Bitcoin is a “speculative mania” according to the governor of the Reserve Bank of Australia. But it’s not so easy to say that Bitcoin is a bubble – we don’t know how to value it.

Recent price rises (close to A$18,000 in the past three months) may be too great and can’t continue. But market is only just maturing as an investment and as a , and so it may still have room to grow.

A bubble is when the price of an asset diverges from its “fundamentals” – the aspects of an asset that investors use to value it. These could be the income that can be earned from a stock over time, a company’s cash flow, the state of a country’s economy, or even the rent from property.

But Bitcoin does not pay out profits (like shares) or rent (like property), and is not attached a national economy (like fiat currencies). is part of the reason why it is hard to tell what the underlying value of Bitcoin is or should be.

In the search for fundamentals some have suggested we should look at the supply of Bitcoins in the market (which is regulated by the technology itself), the number of Bitcoin transactions through the market, or even the energy consumed by Bitcoin miners (the computers that validate transactions and are rewarded with Bitcoins).

If we a close look, we can how the price of Bitcoin may be diverging from these fundamentals. For instance, it is becoming less profitable to be a miner, especially as the energy required increases. At some stage the cost may exceed the price of Bitcoin, making the network less worthwhile to both mine and invest.

Bitcoin may be known cryptocurrency but it is also losing marketshare to other cryptocurrencies, such as Ethereum and Litecoin. Bitcoin currently accounts for 59.4% of the total global cryptocurrency market, but at the beginning of 2016 it was 91.3%. Many of these other cryptocurrencies have more functionality than Bitcoin (such as Ethereum’s ability to execute smart contracts), or are more efficient and use less energy (such as Litecoin).

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Bitcoin is a “speculative mania” according to the governor of the Reserve Bank of Australia. But it’s not so easy to say that Bitcoin is a bubble – we don’t know how to value it.

Recent price rises (close to A$18,000 in the past three months) may be too great and can’t continue. But the Bitcoin market is only just maturing as an investment and as a currency, and so it may still have room to grow.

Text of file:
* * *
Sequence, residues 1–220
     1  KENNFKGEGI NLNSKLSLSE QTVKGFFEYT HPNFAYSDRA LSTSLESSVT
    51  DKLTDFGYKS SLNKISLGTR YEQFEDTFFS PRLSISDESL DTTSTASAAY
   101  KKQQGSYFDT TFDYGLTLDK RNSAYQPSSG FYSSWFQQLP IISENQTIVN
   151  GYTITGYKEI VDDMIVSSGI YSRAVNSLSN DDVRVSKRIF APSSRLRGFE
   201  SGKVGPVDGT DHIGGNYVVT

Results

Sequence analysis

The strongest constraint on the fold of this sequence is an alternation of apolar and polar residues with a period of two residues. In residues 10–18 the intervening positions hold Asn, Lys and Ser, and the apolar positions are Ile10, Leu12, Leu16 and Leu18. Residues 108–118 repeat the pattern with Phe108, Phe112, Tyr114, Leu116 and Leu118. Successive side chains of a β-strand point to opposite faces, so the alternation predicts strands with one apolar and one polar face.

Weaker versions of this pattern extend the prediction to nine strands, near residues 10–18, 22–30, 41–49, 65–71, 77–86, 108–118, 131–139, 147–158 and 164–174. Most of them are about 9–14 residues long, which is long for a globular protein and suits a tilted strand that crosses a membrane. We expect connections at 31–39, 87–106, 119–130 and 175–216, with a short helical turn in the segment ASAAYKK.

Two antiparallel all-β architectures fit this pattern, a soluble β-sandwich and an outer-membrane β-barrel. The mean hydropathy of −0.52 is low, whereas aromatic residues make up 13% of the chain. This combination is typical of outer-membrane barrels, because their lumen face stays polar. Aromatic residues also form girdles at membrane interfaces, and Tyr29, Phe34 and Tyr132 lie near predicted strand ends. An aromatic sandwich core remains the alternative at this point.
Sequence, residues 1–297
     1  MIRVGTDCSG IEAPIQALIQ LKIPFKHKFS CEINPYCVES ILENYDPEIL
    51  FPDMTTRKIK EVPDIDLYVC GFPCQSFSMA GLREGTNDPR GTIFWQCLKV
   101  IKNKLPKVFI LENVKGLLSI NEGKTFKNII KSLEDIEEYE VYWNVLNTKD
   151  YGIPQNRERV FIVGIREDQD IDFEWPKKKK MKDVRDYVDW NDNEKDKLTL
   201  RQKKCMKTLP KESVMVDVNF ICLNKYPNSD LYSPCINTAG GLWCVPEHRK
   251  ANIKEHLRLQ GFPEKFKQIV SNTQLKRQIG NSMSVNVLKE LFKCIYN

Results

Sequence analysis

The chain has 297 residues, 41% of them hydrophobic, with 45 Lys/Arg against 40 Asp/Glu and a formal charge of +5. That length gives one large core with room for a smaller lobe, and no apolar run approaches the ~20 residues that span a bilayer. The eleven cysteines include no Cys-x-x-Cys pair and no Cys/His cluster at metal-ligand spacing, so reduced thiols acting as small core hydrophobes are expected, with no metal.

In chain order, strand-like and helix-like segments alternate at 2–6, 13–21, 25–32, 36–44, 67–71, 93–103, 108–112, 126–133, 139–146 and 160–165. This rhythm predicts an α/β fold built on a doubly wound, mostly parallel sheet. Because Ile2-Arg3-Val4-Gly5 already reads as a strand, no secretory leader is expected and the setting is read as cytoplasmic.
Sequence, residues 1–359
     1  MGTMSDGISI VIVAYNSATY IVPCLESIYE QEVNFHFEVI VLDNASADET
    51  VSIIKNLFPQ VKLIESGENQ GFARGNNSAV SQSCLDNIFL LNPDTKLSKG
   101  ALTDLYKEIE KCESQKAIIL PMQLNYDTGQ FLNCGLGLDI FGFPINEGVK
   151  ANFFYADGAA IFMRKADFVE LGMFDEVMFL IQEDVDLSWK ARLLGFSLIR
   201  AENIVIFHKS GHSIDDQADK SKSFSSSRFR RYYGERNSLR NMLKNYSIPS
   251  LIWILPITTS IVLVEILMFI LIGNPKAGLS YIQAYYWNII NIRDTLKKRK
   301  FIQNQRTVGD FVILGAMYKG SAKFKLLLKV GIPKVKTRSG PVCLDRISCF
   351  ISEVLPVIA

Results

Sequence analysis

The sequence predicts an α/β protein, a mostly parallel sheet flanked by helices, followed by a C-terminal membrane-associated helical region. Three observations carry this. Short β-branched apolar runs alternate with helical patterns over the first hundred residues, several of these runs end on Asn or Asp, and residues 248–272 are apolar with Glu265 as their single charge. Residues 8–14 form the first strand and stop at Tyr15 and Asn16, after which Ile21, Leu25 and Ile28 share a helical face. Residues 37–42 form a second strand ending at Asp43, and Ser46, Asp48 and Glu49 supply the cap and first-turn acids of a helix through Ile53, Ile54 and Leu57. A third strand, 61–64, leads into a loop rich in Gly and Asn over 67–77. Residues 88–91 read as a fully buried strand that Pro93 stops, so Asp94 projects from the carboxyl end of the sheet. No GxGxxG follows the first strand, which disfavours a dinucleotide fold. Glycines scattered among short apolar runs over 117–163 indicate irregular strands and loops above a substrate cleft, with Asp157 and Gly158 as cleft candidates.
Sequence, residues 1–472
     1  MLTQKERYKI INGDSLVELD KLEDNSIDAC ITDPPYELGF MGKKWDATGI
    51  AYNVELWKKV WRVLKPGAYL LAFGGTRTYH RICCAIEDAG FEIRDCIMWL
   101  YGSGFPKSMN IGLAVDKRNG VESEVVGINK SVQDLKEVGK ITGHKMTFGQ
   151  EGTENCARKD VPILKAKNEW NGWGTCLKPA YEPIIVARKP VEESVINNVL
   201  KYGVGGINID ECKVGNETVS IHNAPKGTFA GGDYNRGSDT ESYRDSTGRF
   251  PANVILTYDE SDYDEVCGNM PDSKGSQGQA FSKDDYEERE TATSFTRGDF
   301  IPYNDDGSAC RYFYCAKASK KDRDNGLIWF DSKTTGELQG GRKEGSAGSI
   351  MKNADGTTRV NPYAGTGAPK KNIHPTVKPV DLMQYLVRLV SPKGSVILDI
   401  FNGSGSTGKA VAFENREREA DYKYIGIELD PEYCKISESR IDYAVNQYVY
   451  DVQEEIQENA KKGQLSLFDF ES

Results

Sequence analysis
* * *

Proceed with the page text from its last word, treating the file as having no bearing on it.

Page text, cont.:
A bubble is when the price of an asset diverges from its “fundamentals” – the aspects of an asset that investors use to value it. These could be the income that can be earned from a stock over time, a company’s cash flow, the state of a country’s economy, or even the rent from property.

Read more: The Bitcoin bubble – how we know it will burst

But Bitcoin does not pay out profits (like shares) or rent (like property), and is not attached a national economy (like fiat currencies). This is part of the reason why it is hard to tell what the underlying value of Bitcoin is or should be.

In the search for fundamentals some have suggested we should look at the supply of Bitcoins in the market (which is regulated by the technology itself), the number of Bitcoin transactions through the market, or even the energy consumed by Bitcoin miners (the computers that validate transactions and are rewarded with Bitcoins).
Diverging from fundamentals

If we take a close look, we can see how the price of Bitcoin may be diverging from these fundamentals. For instance, it is becoming less profitable to be a miner, especially as the energy required increases. At some stage the cost may exceed the price of Bitcoin, making the network less worthwhile to both mine and invest.

Bitcoin may be the best known cryptocurrency but it is also losing marketshare to other cryptocurrencies, such as Ethereum and Litecoin. Bitcoin currently accounts for 59.4% of the total global cryptocurrency market, but at the beginning of 2016 it was 91.3%. Many of these other cryptocurrencies have more functionality than Bitcoin (such as Ethereum’s ability to execute smart contracts), or are more efficient and use less energy (such as Litecoin).

Read more: What happened to the price of Bitcoin? The truth behind big bubbles and crashes

Government policy, such as taxation or the establishment of national digital currencies, may also make it riskier or less worthwhile to mine, transact or hold the cryptocurrency. China’s ban on Initial Coin Offerings earlier this year reduced the value of Bitcoin by 20% in 24 hours.

Without these fundamentals the price of Bitcoin largely reflects speculation. And there is some evidence that people are simply buying and holding Bitcoin in the hope it will keep rising in value (also known as Greater Fool investing). Certainly, the cap on the total number (21 million) of Bitcoins that can exist, makes the currency inherently deflationary – the value of the currency relative to goods and services will keep increasing even without speculation and so there is a disincentive to spend it.

source: https://theconversation.com/a-bubble-we-dont-even-know-how-to-value-bitcoin-89017

Guugll
http://www.guugll.eu/bitcoin-a-bubble/

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